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Adapted from FRED and Investing.com; Chart: Axios Visuals

Manufactured durable goods orders rose 11.2% in July, far outpacing economists' expectations, and jumping for the third straight month. July's unexpected increase followed a 7.7% gain for durable goods in June.

What happened: The boom was largely the result of vehicle purchases, as orders for new cars and trucks jumped 22% after a nearly 24% gain the previous month.

  • Excluding transportation, new orders increased 2.4%. Excluding defense, new orders increased 9.9%. Transportation equipment, also up three consecutive months, led the increase, up 35.6%.

Between the lines: The 11.2% increase for durable goods overall was especially strong, but in terms of actual sales durable goods orders remain depressed, and at $239.7 billion have only returned to August 2017 levels.

  • Auto sales have been surprisingly strong thanks to low interest rates and discounted pricing by dealers, but as Axios' Joann Muller notes the surge in demand has led to a seller's market with "fewer choices and higher prices" for consumers.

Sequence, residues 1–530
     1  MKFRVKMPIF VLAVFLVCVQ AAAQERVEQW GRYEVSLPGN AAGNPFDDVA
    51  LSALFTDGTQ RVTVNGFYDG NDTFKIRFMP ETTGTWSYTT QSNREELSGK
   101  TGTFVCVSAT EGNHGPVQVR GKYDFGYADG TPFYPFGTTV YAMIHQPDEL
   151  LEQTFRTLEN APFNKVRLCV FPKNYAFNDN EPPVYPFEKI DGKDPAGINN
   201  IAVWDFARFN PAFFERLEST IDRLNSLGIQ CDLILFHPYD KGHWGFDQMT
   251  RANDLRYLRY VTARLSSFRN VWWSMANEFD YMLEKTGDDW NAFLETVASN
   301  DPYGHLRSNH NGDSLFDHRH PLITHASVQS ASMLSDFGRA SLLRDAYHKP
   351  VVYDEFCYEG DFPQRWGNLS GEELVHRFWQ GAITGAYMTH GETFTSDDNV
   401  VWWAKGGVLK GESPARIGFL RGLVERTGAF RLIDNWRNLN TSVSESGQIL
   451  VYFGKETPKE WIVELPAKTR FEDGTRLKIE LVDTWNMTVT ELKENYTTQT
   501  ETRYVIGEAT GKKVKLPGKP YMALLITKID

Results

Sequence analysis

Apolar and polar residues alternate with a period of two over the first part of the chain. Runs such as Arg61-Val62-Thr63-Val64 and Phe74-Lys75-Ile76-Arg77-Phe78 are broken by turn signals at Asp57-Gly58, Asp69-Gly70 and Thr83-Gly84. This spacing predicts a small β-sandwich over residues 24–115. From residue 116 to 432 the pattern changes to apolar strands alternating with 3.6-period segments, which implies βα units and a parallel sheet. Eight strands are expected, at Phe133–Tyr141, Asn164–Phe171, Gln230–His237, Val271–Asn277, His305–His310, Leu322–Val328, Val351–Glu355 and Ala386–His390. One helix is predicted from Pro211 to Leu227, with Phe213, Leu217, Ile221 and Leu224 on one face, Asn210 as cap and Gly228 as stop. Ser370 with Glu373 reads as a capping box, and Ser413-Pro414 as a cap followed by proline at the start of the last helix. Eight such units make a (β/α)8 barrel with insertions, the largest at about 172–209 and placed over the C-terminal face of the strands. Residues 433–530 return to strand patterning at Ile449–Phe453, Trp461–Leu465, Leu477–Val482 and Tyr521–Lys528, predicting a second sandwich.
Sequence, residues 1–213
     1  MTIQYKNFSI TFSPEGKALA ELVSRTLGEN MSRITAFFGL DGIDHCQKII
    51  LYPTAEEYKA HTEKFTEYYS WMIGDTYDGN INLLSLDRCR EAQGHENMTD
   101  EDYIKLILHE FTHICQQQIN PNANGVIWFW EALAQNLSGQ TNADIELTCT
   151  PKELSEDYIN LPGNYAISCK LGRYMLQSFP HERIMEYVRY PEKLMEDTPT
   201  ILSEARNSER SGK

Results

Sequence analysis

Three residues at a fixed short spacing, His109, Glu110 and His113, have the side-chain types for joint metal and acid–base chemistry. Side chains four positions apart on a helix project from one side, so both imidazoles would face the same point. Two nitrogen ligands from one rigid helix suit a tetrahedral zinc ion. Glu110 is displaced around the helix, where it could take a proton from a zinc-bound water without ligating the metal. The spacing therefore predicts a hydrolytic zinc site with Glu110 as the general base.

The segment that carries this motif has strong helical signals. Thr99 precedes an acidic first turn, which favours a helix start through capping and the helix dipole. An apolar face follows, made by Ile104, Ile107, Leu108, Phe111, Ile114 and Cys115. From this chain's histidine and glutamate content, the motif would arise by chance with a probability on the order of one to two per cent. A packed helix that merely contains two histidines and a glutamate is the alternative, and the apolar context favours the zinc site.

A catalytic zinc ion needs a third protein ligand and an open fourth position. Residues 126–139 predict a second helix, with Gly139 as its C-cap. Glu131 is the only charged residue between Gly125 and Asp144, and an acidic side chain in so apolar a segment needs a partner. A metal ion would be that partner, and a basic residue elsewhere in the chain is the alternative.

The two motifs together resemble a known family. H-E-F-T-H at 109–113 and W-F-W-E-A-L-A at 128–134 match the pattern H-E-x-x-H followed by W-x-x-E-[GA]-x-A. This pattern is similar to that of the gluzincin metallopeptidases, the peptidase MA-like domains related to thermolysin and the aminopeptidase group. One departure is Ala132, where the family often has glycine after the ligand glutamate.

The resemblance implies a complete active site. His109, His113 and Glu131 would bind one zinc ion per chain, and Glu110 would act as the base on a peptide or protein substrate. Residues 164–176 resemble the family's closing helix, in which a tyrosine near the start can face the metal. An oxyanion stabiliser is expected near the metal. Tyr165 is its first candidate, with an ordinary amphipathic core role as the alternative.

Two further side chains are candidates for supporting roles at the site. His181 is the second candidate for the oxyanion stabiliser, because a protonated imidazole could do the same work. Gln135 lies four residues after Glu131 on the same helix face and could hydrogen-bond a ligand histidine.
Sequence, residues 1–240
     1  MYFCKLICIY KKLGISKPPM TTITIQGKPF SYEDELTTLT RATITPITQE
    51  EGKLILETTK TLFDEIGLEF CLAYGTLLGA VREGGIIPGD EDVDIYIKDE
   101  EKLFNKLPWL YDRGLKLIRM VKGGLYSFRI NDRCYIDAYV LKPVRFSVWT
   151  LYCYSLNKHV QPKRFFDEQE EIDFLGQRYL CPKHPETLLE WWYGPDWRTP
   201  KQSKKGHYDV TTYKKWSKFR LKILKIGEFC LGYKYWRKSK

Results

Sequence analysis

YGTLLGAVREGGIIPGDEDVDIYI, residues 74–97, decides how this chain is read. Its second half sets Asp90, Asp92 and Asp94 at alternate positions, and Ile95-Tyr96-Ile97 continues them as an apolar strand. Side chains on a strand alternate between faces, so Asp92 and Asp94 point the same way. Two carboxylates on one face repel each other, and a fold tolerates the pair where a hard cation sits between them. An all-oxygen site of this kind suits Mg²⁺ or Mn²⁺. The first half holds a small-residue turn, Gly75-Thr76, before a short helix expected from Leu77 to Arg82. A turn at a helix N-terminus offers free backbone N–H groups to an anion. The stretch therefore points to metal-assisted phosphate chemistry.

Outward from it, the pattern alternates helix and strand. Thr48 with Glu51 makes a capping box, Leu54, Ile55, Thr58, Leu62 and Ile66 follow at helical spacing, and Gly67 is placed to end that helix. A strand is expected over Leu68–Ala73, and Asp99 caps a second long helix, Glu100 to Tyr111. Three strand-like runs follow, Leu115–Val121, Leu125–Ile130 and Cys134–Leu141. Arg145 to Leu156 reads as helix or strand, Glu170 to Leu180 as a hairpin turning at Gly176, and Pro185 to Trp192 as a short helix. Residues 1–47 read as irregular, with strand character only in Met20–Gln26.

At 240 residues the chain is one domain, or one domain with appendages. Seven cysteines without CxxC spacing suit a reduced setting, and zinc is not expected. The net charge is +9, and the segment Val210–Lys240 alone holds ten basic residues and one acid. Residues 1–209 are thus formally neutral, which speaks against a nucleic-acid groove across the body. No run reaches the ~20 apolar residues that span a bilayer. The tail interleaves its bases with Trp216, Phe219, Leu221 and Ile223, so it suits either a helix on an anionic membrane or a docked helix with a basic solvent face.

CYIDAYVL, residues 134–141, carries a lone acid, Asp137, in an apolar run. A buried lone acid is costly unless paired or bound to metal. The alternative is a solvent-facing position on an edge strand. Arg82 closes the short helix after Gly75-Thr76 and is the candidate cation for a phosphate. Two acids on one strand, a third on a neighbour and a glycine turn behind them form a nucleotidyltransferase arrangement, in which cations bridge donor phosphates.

• Sales to corporate customers are still low and demand usually wanes in the fall, meaning it could be tough to get back to early 2020 levels.

Of note: Airline orders only declined half as much in July as they did in June, reflecting fewer cancellations.

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What's happening: There were fears in late 2019 and early this year that price levels had outpaced income growth and become unsustainable — but record-low mortgage rates and promises by the Fed to keep U.S. interest rates at zero through at least 2023 have lit a new fire under the market.

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